Sexually transmitted diseases and infections continue to increase in Oklahoma, according to the State Department of Health Sexual Health and Harm Reduction Service.
The mission of the service is "to protect and promote the public's health by intervening in the transmission of human immunodeficiency virus (HIV), sexually transmitted diseases (STDs), and hepatitis C (HCV)."
“Anyone who has sex is at risk for a sexually transmitted infection, regardless of age, race, or lifestyle,” said Jamie Dukes with the OSDH.
Dukes said that for the sake of prevention, the OSDH Sexual Health and Harm Reduction Service encourages reducing stigma by normalizing talk about sexual health. Residents are encouraged to talk with their health care providers about their sexual relationships, as well as communicate with sexual partners about protection from and the development of STDs.
“Using a condom for every sexual encounter is proved to help prevent unintended pregnancies, as well as spreading a diagnosed or undiagnosed infection to a partner,” said Dukes. “It's important to remember that many infections do not present signs or symptoms, and the only way to know if a person has an infection is through testing.”
Dukes said the state is also seeing an increase in cases associated with injection drug use, as people are exchanging sex for drugs, safety, or money.
While the OSDH website offers data related to STDs, the numbers may be a year or more old. Dukes provided information to give a picture of STDs in Oklahoma for 2019, the OSDH’s most recent data collection year. She included information specific to Cherokee County, which according to OSDH has approximately 48,600 residents, with an average age of 37 years.
The total number of cases of chlamydia in Oklahoma was 23,518. Cherokee County had 335 cases of chlamydia at a rate of 688.5 per 100,000.
“This was higher than the state rate for chlamydia: 594.3 per 100,000 population,” said Dukes.
According to the Centers for Disease Control and Prevention, chlamydia is a common STD that can infect both men and women, and can be easily cured. If left untreated, chlamydia can cause permanent damage to a woman’s reproductive system and make it difficult to get pregnant.
Most people who have chlamydia have no symptoms, but those who do may not develop symptoms until several weeks after they have sex with an infected partner. Women with symptoms may notice an abnormal vaginal discharge, and-or a burning sensation when urinating. Symptoms in men can include a discharge from their penis; a burning sensation when urinating; and-or pain and swelling in one or both testicles.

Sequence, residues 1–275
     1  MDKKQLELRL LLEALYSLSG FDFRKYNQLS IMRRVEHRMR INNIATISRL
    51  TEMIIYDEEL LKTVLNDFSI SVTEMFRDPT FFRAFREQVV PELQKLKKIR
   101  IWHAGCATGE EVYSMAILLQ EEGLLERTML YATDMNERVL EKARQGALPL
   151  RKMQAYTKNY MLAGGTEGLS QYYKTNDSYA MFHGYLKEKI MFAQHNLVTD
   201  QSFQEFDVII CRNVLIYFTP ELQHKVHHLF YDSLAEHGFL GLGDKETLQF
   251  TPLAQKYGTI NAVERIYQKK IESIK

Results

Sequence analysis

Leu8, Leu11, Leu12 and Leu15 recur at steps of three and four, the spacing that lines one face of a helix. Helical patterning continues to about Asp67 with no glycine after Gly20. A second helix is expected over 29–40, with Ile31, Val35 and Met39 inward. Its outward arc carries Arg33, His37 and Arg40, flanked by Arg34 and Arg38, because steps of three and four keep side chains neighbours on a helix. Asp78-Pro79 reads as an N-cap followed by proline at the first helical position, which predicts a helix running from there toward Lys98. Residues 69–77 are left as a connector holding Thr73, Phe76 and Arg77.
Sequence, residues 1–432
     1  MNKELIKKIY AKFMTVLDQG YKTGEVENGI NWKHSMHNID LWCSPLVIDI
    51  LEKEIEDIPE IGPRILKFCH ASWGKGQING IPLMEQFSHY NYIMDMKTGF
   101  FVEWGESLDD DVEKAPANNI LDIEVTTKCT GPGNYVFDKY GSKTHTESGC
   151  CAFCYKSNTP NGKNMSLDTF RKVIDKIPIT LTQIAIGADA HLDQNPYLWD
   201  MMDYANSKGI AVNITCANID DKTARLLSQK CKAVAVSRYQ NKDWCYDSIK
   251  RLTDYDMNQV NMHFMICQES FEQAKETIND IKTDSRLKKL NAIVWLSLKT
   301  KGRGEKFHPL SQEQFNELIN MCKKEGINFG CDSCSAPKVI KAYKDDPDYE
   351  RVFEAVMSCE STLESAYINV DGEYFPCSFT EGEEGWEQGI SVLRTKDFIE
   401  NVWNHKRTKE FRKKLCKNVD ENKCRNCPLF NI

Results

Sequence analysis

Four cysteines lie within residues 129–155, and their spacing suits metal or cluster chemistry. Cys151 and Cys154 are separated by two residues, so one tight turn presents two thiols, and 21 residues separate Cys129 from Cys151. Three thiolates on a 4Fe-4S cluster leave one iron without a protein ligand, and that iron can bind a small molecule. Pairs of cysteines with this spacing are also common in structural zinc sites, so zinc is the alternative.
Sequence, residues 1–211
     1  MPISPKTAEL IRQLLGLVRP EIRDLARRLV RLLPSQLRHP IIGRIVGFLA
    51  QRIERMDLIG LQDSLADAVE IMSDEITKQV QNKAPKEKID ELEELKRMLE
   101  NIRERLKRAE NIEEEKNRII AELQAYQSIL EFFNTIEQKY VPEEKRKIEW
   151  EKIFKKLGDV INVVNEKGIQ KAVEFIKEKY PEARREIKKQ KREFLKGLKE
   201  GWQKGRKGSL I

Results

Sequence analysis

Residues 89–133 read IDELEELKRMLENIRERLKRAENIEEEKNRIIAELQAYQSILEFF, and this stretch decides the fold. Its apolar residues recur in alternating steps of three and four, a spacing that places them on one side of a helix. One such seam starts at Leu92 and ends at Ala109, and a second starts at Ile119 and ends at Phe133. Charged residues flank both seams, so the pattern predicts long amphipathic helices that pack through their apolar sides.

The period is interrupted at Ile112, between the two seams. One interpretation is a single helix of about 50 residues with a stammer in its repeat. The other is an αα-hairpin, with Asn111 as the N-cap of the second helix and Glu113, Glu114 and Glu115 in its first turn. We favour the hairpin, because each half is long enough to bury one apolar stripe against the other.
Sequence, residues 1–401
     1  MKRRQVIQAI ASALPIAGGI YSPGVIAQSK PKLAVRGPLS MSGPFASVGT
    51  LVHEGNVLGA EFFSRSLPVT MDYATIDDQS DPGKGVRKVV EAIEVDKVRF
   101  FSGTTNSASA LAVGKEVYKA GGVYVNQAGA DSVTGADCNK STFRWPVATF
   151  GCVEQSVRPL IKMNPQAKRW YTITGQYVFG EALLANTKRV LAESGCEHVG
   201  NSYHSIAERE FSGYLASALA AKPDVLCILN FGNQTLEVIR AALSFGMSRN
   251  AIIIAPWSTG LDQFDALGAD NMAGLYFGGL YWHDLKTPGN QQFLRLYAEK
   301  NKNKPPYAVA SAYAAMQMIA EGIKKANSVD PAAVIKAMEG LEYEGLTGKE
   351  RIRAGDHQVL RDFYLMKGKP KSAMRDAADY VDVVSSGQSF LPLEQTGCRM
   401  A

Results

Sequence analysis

Men rarely have health problems linked to chlamydia, but for women, untreated chlamydia can spread to the uterus and fallopian tubes, which can cause pelvic inflammatory disease. Chlamydia can be cured with the right treatment, but repeat infections are common. Patients should be tested again about three months after they are treated, even if their sex partners were treated.
The total number of gonorrhea cases in the state was 10,491. Cherokee County had 119 cases of gonorrhea at a rate of 244.6 per 100,000, while the state rate for gonorrhea was 265.1 per 100,000 population.
Gonorrhea can infect both men and women, and it can cause infections in the genitals, rectum, and throat. According to the CDC, gonorrhea is a common infection, especially among young people ages 15-24 years.
Most women with gonorrhea do not have any symptoms, but they are still at risk of developing serious complications from the infection. Symptoms in women can include painful or burning sensation when urinating; increased vaginal discharge; and-or vaginal bleeding between periods. The symptoms may be mild and can be mistaken for a bladder or vaginal infection. A pregnant woman with gonorrhea can give the infection to her baby during childbirth. Some men with gonorrhea may have no symptoms at all, but the signs can include a burning sensation when urinating; a white, yellow, or green discharge from the penis; and-or painful or swollen testicles.
Gonorrhea can be cured with the right treatment. Although medication will stop the infection, it will not repair permanent damage done by the disease. According to the CDC, "antimicrobial resistance in gonorrhea is of increasing concern, and successful treatment of gonorrhea is becoming more difficult."
Syphilis is divided into stages: primary, secondary, latent, and tertiary. There are different signs and symptoms associated with each stage. The total cases of primary and secondary syphilis in Oklahoma was 791.
“In 2019, there were five cases of primary and secondary syphilis in Cherokee County at a rate of 10.3 per 100,000. For comparison purposes, the state rate for primary and secondary syphilis in 2019 was 20.0 per 100,000 population,” said Dukes.
Those infected with syphilis may find sores on or around the penis, vagina, or anus, or in the rectum, on the lips, or in the mouth. A person with primary syphilis generally has a sore or sores at the original site of infection, and symptoms of secondary syphilis include skin rash, swollen lymph nodes, and fever. Syphilis can be cured with the right antibiotics, but patients can still be reinfected.
For more information about STD symptoms, treatment, and prevention, contact the Cherokee County Health Department, 912 S. College Ave., 918-456-8826; or visit https://oklahoma.gov/health/prevention-and-preparedness/sexual-health-and-harm-reduction-service.html.